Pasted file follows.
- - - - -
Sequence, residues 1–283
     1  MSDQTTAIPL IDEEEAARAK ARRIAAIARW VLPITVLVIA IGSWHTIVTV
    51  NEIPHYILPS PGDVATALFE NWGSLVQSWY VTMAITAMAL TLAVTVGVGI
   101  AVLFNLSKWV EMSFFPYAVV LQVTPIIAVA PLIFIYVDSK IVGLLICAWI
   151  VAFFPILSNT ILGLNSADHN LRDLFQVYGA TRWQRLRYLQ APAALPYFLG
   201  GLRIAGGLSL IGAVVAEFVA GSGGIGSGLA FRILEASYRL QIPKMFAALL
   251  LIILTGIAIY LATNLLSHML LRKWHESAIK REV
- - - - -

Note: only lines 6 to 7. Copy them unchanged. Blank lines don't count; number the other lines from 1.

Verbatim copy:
   201  GLRIAGGLSL IGAVVAEFVA GSGGIGSGLA FRILEASYRL QIPKMFAALL
   251  LIILTGIAIY LATNLLSHML LRKWHESAIK REV